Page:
The KJV says:
"And the man that committeth adultery with another man's wife, even he that committeth adultery with his neighbour's wife, the adulterer and the adulteress shall surely be put to death." (Leviticus 20:10)
The Hebrew says:
ואיש אשר ינאף את־אשת איש אשר ינאף את־אשת רעהו מות־יומת הנאף והנאפת׃
In the Hebrew there is an apparent repetition of the phrase "איש אשר ינאף את־אשת (a man who commits adultery with a woman)". The literal translation of the verse from Hebrew could read:
"And a man who commits adultery with the wife of a man who commits adultery with the wife of his neighbor shall surely be put to death, the adulterer and the adulteress."
On the face of it, the verse appears to say that it is an offence to commit adultery with the wife of a man who commits adultery with the wife of his neighbor. Such a sentence seems awkward. Thus some translations (e.g. ESV, NLT) have omitted the repeating clause. However, the awkwardness is due to there being no punctuation in the Hebrew. The sentence makes sense when it is punctuated correctly. Consider the same literal translation with punctuations provided in the following manner:
"And a man who commits adultery with the wife of a man (who commits adultery with the wife of his neighbor) shall surely be put to death, the adulterer and the adulteress."
When the words are grouped into clauses in this manner, the repetition makes sense. The first clause includes the words "And a man who commits adultery with the wife of a man". The second clause, which is a parenthetical clarification of the first clause, includes the words "who commits adultery with the wife of his neighbor". The second "who" points to the first occurrence of "man" (the adulterer) as the antecedent.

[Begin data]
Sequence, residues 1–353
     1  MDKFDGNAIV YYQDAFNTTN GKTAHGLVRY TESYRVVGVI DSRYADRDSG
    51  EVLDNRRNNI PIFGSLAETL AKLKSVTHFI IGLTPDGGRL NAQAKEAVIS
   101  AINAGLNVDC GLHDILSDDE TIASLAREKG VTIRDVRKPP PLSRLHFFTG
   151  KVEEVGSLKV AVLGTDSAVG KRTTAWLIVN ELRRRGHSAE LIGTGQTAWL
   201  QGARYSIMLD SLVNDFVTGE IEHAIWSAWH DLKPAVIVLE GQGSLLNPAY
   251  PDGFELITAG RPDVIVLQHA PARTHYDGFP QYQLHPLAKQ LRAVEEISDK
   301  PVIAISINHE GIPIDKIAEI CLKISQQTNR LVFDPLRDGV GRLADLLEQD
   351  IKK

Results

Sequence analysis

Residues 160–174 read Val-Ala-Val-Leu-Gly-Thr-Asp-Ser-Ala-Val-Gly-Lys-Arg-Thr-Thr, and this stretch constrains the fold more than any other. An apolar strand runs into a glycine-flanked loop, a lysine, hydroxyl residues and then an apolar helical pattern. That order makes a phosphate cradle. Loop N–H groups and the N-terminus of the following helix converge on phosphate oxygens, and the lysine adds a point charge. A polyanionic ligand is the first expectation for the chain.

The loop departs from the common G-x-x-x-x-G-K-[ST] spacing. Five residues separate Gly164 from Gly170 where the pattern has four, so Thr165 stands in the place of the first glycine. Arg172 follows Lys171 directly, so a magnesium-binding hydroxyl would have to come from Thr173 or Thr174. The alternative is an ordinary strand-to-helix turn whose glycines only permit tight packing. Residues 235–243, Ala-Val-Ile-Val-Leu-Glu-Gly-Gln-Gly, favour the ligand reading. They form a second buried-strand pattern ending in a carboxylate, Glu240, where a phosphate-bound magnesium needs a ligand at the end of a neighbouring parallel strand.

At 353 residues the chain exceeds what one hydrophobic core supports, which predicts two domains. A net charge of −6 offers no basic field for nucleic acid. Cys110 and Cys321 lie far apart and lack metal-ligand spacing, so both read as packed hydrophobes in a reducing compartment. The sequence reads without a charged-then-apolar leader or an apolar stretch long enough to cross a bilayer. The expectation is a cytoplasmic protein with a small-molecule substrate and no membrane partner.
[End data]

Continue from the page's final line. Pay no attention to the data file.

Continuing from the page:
It has been alleged that Hebrew parallelism does not repeat the exact same words. But although the words at Leviticus 20:10 may be identical according to a certain grouping of words, the clauses are not identical if the words are grouped as suggested above. The parallelism at Leviticus 20:10 provides for the clearest statement of the law. In Hebrew, the same word "ishah" is used to mean "woman" and "wife". To ensure that the reader understands "ishah" at Leviticus 20:10 to mean "wife" (a married woman), the clearest way to do so is to say "man's ishah". A "neighbor's ishah" could technically mean "neighbor's woman" which could refer to a female neighbor's unmarried daughter. But Leviticus 20:10 is specifically prohibiting adultery with a married woman. The reference to a "man's ishah" closes off this legal loophole. The reference to a "neighbor's ishah" in the parallel clause further clarifies the law by drawing attention to the fact that adultery is a sin against one's neighbor. As "Thou shalt love thy neighbour as thyself" is the law fulfilled in one word (Galatians 5:14), it is most fitting that the prohibition against adultery makes a connection to the ultimate prohibition of offending one's neighbor.
The KJV supplies the words "even he" in italics instead of parentheses to provide the same effect of rendering the second clause as a clarification of the first. The NKJV, NASB and NIV (1984, TNIV, 2010) also treat the Masoretic text here as being without error.
Read more articles from: The King James Version is Demonstrably Inerrant
Also read: Masoretic Readings Defended